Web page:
I've got some trashy business to discuss with you this week. The proposed trash tax, that is, among other things. If the trash tax is passed, it's not so much the flat fee that could cause abuse or problems, it's the proposed fee per bag hinted at for the future.
Maybe people could stomach a flat yearly fee for trash removal. But when you are charged for how much trash you put out, the trouble starts. Yes, I know the idea is to encourage recycling. It's admirable in theory, but problematic in reality.
I'm afraid this secondary charge over and above the initial flat fee is the sticky wicket. If the charge is based on so many bags overa predetermined limit, what about bag size? One could probably use humongous bags several times the size of regular trash bags, and say, "I only put out two bags" when, in fact, those two bags could probably hold everybody's trash from that entire block.
This proposed feefor excess garbage bags could create a new wave of illegal dumping. People will drive their excess garbage to a secluded area, construction site, or just some place along the road, and dump it. The county will then have to have workers pick it up and transport the offending junk or garbage to the landfill, creating additional expense to the county.
What about neighbors placing their excess garbage in front of somebody else's house by dark of night, so they can avoid being charged by the county?
The victims would never know, because in mostplaces, the garbage is collected early in the morning before many have arisen. When the bill comes, there will be cries of outrage: We never put that much trash out!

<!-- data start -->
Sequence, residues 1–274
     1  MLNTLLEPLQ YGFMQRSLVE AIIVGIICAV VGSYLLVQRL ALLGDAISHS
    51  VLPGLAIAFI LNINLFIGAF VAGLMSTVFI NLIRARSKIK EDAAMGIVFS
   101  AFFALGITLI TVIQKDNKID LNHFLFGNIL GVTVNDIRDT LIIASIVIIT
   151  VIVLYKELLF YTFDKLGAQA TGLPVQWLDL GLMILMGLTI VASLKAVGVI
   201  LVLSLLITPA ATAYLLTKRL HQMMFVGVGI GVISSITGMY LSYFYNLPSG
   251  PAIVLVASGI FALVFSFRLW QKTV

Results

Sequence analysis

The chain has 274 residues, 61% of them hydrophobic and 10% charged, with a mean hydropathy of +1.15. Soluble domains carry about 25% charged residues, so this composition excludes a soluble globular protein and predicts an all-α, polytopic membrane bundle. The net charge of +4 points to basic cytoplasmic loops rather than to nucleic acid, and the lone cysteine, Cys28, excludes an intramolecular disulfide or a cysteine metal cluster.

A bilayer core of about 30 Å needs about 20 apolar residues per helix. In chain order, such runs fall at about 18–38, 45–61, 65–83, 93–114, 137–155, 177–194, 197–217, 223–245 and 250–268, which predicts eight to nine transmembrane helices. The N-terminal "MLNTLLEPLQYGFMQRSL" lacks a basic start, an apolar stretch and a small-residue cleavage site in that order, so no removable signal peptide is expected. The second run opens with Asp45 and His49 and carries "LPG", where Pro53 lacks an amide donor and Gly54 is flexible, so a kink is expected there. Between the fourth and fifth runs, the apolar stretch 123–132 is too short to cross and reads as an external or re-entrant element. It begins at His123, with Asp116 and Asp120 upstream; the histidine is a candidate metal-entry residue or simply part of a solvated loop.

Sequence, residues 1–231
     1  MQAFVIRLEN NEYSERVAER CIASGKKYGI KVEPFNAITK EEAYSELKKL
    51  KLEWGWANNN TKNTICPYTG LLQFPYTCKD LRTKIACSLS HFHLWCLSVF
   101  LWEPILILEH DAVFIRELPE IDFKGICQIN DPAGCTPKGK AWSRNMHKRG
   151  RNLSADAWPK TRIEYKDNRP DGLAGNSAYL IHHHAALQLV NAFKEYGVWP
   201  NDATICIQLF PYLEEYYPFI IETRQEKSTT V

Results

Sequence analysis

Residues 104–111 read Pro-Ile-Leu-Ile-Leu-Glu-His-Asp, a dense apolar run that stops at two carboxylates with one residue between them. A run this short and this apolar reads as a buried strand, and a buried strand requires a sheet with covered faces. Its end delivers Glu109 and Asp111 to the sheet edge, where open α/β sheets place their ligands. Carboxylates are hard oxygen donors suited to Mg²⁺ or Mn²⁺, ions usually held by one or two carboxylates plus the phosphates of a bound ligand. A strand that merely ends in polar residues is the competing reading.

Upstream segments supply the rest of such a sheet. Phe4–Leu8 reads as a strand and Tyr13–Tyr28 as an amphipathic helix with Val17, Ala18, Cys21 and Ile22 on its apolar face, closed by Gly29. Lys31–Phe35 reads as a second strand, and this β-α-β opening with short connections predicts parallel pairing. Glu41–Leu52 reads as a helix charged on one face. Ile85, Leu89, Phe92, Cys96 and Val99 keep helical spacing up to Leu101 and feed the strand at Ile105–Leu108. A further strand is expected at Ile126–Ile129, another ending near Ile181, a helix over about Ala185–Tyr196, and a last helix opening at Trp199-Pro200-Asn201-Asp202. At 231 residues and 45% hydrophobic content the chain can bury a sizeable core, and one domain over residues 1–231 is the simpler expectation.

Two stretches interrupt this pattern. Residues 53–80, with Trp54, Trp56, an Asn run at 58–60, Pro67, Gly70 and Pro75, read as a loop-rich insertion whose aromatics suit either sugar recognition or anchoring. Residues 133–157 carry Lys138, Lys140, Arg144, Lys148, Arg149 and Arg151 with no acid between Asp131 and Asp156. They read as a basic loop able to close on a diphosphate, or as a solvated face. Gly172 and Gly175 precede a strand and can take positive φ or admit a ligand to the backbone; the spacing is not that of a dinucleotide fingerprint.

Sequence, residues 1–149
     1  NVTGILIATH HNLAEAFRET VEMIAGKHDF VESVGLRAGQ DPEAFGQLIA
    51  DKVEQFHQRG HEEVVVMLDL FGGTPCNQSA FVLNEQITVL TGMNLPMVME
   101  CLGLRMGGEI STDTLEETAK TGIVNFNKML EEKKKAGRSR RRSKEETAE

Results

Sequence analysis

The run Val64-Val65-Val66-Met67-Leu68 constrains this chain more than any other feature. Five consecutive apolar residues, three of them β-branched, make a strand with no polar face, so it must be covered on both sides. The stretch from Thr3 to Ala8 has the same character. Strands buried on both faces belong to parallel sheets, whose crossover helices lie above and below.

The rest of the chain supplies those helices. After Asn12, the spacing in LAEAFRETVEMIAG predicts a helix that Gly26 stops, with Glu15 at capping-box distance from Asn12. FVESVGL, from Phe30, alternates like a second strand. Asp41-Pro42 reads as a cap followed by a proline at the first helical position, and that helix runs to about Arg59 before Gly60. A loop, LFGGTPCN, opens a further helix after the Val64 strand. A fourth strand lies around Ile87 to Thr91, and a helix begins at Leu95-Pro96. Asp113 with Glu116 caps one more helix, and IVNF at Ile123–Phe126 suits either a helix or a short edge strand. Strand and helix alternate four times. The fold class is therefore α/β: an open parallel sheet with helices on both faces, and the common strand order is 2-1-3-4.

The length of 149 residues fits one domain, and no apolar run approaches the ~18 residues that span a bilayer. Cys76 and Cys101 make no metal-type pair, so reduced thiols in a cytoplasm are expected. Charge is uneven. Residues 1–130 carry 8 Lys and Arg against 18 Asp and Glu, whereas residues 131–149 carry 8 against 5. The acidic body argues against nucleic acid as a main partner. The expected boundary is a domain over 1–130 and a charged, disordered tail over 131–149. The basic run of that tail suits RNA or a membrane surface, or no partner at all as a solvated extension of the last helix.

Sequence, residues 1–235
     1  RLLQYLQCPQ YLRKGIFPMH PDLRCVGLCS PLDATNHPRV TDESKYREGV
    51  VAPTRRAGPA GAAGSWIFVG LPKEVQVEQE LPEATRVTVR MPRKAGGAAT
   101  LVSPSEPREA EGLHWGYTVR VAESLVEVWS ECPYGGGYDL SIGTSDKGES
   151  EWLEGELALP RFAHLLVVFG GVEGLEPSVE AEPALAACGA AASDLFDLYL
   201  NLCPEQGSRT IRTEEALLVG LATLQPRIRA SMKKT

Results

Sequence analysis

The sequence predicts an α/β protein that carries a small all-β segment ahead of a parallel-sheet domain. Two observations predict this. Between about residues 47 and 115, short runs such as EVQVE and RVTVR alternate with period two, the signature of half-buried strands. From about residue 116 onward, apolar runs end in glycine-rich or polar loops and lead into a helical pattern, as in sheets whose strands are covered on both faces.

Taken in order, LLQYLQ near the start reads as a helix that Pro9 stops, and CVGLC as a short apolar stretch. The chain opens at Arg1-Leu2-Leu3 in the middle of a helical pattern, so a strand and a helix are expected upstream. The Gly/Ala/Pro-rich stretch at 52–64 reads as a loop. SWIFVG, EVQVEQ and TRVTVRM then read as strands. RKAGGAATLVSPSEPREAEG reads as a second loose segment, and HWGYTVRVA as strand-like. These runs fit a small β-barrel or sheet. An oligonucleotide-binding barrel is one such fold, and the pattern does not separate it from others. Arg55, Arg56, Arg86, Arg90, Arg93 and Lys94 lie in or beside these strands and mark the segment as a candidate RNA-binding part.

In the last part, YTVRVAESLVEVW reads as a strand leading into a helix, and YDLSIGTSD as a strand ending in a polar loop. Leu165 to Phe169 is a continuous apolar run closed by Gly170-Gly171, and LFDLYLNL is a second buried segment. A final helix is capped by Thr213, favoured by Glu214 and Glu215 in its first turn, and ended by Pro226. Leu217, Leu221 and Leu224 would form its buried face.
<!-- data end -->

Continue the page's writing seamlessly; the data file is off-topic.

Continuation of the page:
Or perhaps some of these folks will drive their trash around until they see a Dumpster in a shopping center or an apartment complex and dispose of it there. Let's face it, there are always plenty of these types around who try to find some way to avoid a law.
Do you think special Trash Police would have to be hired to stop illegal disposal practices (more expense for the county)? Remember illegal medical and hazardous waste disposal?
Just howwill the county determine who is over the limit in their trash allotment? Are the collectors going to have to carry a record book with residents' names to keep track of number of bags per residence? This will no doubt lead to decreased efficiency.
And what of the sanitation workers? Do you think they will really want to have to keep records in a driving rain, high winds, or when the temperature is in the teens?
Can you see Howard County residents getting fed up with the whole idea and staging a trash revolt? Picture this: people dressed ingarbage bags, with holes cut out for eyes and appendages, dumping trash en masse at the county office building in protest. The Howard County Trash Party -- talk about being dumped on!
There are a few other thoughts to chew on. Don't you think County Council members serve on too many boards? I have a problem, for example, with the council members also being Zoning Board members, and, as such, not being able to discuss matters of zoning with the people they represent as council members.
Don't you think that money talks too much in this county and, for that matter, in the whole country? Corporations have too much influence over governing bodies. There's pressure to change zoning for projects that will make millions of dollars for a few at the expense of quality of life for many.
We need to take our county, andour country, back, to use an overused expression. Governing bodies need to be more responsive to the people, not just the corporation.
Finally, here's one for you: I received an anonymous letter with no return address that suggested I make my opinion column more impartial. That's unique, an opinion/commentary column with no opinions!
Bythe way, letters with no return addresses or signatures usually get dumped (sorry, recycled) by yours truly. I was only being curious this time. My name appears at the top of this column to show ownership of my thoughts, whether you agree with me or not.